Brenda Walton, (C, without mask), an inpatient at Toronto Rehab's Specialized Dementia Unit, standing in front of two of the unit's doors with members of the care team, (L to R), Twinkle Arora, a Clinical Research Associate, Amy Cockburn, Service Coordinator and Outreach Clinician, and Christine Dunning, an OTA/PTA. (Photo: UHN)

Toronto Rehab's Specialized Dementia Unit (SDU) is home to a dynamic team of staff that is matched by an equally vibrant floor design.

Along the unit, each of the doors features different colours and patterns. More than just decoration, it's a design introduced by the team as a way to help patients navigate the area with greater ease.

The 17-bed unit is where staff work to manage behaviours associated with dementia, which can interfere with a patient's quality of life and a caregiver's ability to provide the care someone needs to live well in the community.

A loss of direction is a common barrier for individuals with dementia. That can lead to distress and anxiety.

Distinctive designs make it easier for patients to remember, for example, that their room is the one with the green door.

Amy Cockburn, the Service Coordinator and Outreach Clinician, spearheaded the project after visiting long-term care centres and seeing the impact these designs have on residents.

Dr. Andrea Iaboni, a geriatric psychiatrist and scientist with UHN's Kite Research Institute and Medical Lead of the Specialized Dementia Unit, says she agrees how beneficial environmental changes like this can be.

"It's really important for patient experience," says Dr. Iaboni. "Walking down a corridor of identical doors and not knowing which one is yours can be very disorienting and almost dystopian.

"All of these different doors make the unit feel like a neighborhood instead of a hospital."

The door decals come from True Doors, a supplier in the Netherlands, which creates these designs with patients with dementia in mind. Each was installed strategically so no two side-by-side doors look alike.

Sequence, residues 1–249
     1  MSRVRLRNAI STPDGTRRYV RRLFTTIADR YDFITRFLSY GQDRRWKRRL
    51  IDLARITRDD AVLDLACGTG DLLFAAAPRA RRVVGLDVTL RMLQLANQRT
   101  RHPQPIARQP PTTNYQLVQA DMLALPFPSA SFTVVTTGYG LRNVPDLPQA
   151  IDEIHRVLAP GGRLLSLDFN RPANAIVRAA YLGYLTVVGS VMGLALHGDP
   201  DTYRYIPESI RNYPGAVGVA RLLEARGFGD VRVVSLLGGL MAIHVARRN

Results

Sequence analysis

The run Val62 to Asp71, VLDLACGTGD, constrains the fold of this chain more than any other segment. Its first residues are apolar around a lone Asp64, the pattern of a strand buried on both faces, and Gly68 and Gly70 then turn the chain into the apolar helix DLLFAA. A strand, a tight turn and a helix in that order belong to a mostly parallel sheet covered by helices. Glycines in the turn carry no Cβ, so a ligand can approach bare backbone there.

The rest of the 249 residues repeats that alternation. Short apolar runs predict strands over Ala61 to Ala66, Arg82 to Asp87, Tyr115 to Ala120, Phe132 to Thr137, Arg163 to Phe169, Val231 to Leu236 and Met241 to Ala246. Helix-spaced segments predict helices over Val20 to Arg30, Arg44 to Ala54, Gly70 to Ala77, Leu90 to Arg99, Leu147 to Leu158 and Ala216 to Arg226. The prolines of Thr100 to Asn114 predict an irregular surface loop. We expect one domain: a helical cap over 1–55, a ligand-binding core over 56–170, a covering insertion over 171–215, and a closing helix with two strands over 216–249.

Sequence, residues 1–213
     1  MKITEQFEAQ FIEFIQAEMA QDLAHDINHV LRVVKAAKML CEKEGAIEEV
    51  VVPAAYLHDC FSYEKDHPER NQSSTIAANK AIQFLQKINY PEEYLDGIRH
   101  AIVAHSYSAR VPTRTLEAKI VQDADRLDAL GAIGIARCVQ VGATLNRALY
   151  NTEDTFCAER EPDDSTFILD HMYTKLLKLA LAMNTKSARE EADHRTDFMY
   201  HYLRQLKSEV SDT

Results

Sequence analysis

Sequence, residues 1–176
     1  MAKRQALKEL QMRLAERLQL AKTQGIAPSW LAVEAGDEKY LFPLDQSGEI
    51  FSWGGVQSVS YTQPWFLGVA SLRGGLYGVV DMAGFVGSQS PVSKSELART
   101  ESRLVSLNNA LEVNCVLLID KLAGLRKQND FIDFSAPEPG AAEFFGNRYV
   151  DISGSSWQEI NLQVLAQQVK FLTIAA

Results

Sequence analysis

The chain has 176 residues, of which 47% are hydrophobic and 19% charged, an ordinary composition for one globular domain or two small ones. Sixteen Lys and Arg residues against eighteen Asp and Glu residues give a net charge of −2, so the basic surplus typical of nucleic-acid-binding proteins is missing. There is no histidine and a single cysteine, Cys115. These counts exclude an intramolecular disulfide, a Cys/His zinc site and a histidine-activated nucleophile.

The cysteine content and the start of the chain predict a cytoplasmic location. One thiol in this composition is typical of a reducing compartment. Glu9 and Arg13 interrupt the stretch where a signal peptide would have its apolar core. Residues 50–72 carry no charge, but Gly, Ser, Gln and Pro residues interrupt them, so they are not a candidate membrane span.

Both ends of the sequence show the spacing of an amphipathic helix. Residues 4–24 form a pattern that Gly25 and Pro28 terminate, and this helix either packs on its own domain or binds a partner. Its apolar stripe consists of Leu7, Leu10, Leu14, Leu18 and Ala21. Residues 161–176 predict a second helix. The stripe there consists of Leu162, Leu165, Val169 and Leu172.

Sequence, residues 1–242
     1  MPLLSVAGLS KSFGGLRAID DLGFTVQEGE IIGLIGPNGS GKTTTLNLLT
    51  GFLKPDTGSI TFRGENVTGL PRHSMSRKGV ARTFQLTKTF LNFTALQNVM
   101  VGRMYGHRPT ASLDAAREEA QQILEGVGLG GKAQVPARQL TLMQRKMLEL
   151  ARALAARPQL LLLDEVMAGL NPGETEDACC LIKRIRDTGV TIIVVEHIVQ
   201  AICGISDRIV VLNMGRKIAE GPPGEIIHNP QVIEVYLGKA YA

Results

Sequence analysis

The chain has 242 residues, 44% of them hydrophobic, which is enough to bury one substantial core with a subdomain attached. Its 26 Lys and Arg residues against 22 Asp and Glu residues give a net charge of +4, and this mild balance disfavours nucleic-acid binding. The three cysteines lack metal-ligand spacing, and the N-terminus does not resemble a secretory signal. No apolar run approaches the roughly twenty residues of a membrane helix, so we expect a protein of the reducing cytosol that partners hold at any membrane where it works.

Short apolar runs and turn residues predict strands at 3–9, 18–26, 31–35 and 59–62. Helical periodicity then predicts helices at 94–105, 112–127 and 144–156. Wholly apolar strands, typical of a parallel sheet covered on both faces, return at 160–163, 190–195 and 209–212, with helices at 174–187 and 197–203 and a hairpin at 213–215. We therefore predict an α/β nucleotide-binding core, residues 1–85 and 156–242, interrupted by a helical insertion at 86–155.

Also, doors that staff do not want patients to enter, such as exits or certain offices, were disguised with decals like bookshelves.

Collage of doors with different designs and colours, seen throughout the Specialized Dementia Unit at Toronto Rehab, University Centre. (Photo: UHN)

This project not only benefits patients. Staff say they find the space more welcoming to work in and that it allows them to communicate with patients easier.

"When a patient needs help finding their room, we can give clear verbal directions like 'it's the green door on the left' without having to accompany them," Amy says.

Many of the staff members contributed to the installation, making it a special project for everyone.

"Tackling projects like this together really makes a difference for staff because they feel they're part of something bigger," says Amy.

"Day-to-day patient care is meaningful and working together as a team on a larger project that has long-term impact for the unit is very motivating."

As the installation took place, new research technology, such as a location tracking system, was also installed to monitor patient activity.

Dr. Iaboni saw this as the perfect opportunity to combine these elements in a research project, evaluating the impact of the doors.

The research showed a decrease of 20 per cent to 30 per cent of patients walking into rooms other than their own.

"One of the goals of bringing this technology on the unit was to use it to evaluate design improvements," says Dr. Iaboni.

"We are very interested in the idea of redesigning aspects of our unit to make them more dementia friendly."

The team believes this is only the start to creating an enhanced environment for patients. Along with other design elements such as posters that look like a scenic window view, or ceiling tiles that look like a skylight, the doors are just part of what makes the Specialized Dementia Unit an exceptional area of Toronto Rehab.

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